Open Reading Frame brings together a selection of recent publication highlights from elsewhere in  the open access ecosystem. This week we take a look at the past few weeks in biology.

 

Lovebirds on the lookout

Wild zebra finches provide useful early warning systems for their nesting partners when incubating eggs. Birds in monogamous relationships leave the safety of their nests far earlier when potential predators approach compared to single parents. This is because their partners act as long-range sentinels to warn them of imminent danger.
Mainwaring & Griffith. PeerJ

 

When Pterosaurs pterrorised the skies in Cretaceous England

A fossil deposit in the east of England known as the Cambridge Greensand contains one of the richest assemblages of fossilised flying reptiles – Pterosaurs – in the world, with around 2000 identified species. Now, the most comprehensive review of these fossils, which exist mostly as the remains of their snout-bones, updates some of the disputed relationships in their taxonomic tree and finds that species diversity might have been greater than previously thought.
Rodrigues & Kellner. ZooKeys

 

Mimivirus’s multistage membrane-making mechanism

Giant viruses such as the Mimiviruses are some of the largest and most complex viruses known. These amoeba-infecting agents can reach sizes comparable with some small bacteria, with genomes to match. A new study now unravels some of the mechanisms underlying how these structures assemble themselves, and finds that the internal membrane of each virus is created in a multistage process that enables lethally efficient replication of new viruses.
Mutsafi et al. PLoS Pathogens

 

The recessive nature of juvenile Parkinson’s disease is Really Interesting

Mutations in a gene called PARK2 cause around half of all cases of juvenile Parkinson’s disease – an early onset variant of the degenerative disorder that affects people under 20 years of age.  Loss of function of the enzyme encoded by this gene causes changes to cells involved in dopamine secretion, although the exact relationship with pathogenesis of the disease is not clear. By determining the molecular structures of these enzymes, researchers from Cancer Research UK and the University of Western Ontario find that mutations in key parts of the enzyme called Really Interesting New Gene (RING) domains cause crucial changes to the shape of the enzyme that affect  their function.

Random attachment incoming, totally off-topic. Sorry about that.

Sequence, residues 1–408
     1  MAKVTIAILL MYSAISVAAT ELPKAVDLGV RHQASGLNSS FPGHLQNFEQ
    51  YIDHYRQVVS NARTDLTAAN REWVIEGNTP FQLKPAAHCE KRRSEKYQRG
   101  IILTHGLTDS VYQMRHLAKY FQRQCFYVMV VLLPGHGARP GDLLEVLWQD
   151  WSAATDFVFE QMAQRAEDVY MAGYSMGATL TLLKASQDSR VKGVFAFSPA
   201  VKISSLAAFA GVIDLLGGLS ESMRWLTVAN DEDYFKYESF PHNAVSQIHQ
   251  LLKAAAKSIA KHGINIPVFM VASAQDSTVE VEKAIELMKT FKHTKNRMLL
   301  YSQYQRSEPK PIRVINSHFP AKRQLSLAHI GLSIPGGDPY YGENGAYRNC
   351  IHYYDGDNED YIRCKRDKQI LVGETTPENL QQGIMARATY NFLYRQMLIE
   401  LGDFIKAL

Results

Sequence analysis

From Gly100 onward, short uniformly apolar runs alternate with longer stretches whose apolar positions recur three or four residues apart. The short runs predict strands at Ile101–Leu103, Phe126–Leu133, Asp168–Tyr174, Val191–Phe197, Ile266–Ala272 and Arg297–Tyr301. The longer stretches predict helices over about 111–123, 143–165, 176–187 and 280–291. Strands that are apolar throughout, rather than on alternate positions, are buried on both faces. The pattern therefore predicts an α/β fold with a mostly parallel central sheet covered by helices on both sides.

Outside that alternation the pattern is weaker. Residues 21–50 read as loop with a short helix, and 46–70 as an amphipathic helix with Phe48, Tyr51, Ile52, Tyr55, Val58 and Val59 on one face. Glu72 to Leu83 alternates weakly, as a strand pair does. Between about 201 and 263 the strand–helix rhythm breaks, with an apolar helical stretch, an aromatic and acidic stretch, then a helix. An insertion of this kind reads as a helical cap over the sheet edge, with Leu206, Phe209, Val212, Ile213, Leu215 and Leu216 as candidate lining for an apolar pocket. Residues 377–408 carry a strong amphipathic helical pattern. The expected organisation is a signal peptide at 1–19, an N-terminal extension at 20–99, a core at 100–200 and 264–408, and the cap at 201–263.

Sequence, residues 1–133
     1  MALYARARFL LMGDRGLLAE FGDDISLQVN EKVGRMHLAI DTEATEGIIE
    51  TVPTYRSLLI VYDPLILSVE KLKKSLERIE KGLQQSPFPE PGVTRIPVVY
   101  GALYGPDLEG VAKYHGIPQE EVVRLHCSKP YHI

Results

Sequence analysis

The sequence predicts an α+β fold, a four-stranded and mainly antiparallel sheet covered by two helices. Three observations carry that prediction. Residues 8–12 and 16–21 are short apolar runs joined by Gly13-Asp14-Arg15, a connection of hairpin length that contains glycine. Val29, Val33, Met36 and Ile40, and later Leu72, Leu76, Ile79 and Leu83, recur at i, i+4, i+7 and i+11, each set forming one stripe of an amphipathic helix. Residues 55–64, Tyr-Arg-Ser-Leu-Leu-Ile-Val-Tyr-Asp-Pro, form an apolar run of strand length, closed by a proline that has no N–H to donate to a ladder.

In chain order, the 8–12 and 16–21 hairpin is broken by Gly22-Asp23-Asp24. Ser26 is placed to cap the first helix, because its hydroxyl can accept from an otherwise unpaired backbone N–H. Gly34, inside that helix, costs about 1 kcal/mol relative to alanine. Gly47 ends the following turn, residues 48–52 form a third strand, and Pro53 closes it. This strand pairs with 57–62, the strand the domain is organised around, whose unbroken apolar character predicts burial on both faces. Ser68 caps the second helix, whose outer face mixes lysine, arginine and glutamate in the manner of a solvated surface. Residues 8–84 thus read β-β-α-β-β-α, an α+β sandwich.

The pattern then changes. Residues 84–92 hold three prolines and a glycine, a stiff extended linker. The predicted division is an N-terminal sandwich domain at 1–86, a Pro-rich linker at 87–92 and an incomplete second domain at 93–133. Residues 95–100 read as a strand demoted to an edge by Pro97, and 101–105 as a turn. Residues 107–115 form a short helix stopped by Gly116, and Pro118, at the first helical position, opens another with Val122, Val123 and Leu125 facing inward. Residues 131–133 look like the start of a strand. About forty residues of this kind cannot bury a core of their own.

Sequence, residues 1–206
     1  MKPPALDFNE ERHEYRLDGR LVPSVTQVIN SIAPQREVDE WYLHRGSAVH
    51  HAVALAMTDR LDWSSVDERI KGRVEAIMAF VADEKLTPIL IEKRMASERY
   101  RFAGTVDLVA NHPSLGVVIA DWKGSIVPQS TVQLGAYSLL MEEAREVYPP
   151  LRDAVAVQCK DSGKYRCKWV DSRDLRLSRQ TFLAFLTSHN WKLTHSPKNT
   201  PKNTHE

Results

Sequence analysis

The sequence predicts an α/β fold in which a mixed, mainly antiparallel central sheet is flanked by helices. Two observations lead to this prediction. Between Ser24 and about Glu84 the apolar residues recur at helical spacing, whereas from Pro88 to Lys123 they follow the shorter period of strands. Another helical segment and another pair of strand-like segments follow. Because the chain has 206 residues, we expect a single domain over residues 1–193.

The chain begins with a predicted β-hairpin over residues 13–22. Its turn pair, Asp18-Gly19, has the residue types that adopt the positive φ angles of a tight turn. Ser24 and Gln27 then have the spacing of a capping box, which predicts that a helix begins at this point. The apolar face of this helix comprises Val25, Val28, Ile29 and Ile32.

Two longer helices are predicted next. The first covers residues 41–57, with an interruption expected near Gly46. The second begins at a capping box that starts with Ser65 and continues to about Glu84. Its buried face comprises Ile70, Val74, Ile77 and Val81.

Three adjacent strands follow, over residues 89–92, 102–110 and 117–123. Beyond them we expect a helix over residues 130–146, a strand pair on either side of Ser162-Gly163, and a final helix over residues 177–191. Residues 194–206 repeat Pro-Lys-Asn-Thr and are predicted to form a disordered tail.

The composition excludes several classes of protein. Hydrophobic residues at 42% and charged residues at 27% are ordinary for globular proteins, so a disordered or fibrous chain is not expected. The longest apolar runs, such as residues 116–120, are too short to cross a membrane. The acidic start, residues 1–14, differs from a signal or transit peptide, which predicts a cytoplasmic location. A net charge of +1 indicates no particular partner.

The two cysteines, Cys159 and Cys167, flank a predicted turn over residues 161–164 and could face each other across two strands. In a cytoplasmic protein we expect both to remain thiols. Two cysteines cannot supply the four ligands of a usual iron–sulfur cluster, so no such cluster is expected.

Spratt et al. Nature Communications

 

Swimming toward the light: the genetic basis of a microbe-squid mutualism

The Hawaiian bobtail squid has some rather special little friends. Bioluminescent bacteria called Vibrio fischeri live within light-emitting organs on the upper-side of the squid’s body and, in exchange for some delicious sugars, provide much-needed camouflage from predators by carefully matching light levels to the surrounding environment. However, in order to find their lighthouse homes, they must first navigate their way toward a juvenile squid. Using a combination of genetic analyses and transcriptional profiling, Brennan and colleagues identify key genes that enable these helpful bacteria to swim, and sense, their way there.
Brennan et al. MicrobiologyOpen

 

Sympathetic sweating: passive exercise by watching sport

Watching videos of other people exercising vigorously increases muscle sympathetic nerve activity, heart rate, respiration, and skin blood flow, even when you’ve got your feet up.  Research participants in Australia were subjected to an immersive experience of watching pre-recorded runners complete endurance exercises whilst also having their vital signs monitored, where they displayed surprisingly high physical responses, even though only passively involved.
Brown et al. Frontiers in Neuroscience

 

Written by Simon Harold, Senior Executive Editor for the BMC Series.

 

 

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